6 points
  45. You share your observations I share mine. That's all we can do. Smart , rational people can draw their own conclusions from that. We should be using less as more older less fuel efficient cars are replaced with new ones. Atleast that was the plan of the whole cash for clunkers. Mother nature requires we replace our cars in the rust belt every 10 years or less as she eats them alive. Of course fuel demand could be up from all the people that have entered the country this year. If we end up adding 2 million people we know of in a year that's a whole lot more demand just to bus them around and provide service for them.
    6 points
  46. This is what happens to you after 250 days of lockdown. You make stupid shit like this in your garage. I’ll have no excuse for having dirty cars now. I was getting a bit sick of mixing up my cleaning rags. I have accepted that I have car cleaning issues don’t worry. I’m seeing someone about my problems 😬😂
    6 points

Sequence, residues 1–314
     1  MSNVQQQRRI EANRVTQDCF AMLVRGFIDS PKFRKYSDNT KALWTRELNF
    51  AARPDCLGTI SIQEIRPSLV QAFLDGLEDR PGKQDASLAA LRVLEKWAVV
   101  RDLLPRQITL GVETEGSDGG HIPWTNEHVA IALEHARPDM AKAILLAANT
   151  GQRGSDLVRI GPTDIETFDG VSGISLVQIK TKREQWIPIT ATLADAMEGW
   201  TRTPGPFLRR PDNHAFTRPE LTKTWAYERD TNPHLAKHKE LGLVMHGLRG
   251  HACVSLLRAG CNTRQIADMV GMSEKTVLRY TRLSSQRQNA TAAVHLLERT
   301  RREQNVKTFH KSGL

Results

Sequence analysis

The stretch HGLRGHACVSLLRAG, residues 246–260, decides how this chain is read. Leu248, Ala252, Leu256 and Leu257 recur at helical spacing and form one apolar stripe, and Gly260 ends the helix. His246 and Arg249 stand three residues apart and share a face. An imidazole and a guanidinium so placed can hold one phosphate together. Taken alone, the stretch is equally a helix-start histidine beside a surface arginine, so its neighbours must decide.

47. It was a great Hershey all the way around! A broad panorama of automotive history displayed and offered for sale. Folks seemed to be glad to again attend a public event we all used to take for granted, but wont any more. The best part is the conversations with old friends and those struck up by chance with people of common interest. Only regret is not connecting with some fellows who I had hoped to, but that's unavoidable. The variety and quality of those in the show was sublime. Although there were noticeable empty spaces, when 'normalcy' completely returns that may improve. Some folks simply haven't much left worth carrying in to sell, only retain their space as a matter of convenience. Setting an area aside for them to repair to may be worth considering. Enforcement of the no current political messages will be appreciated. Society is already awash in such divisive, contentious messages. Such violates a basic tenet of Business Practice 101: by displaying one's political outlook at one's business affectively dismisses half one's potential customers. Personally, I've bypassed vendors who engaged in such displays regardless of what they had on offer.
    6 points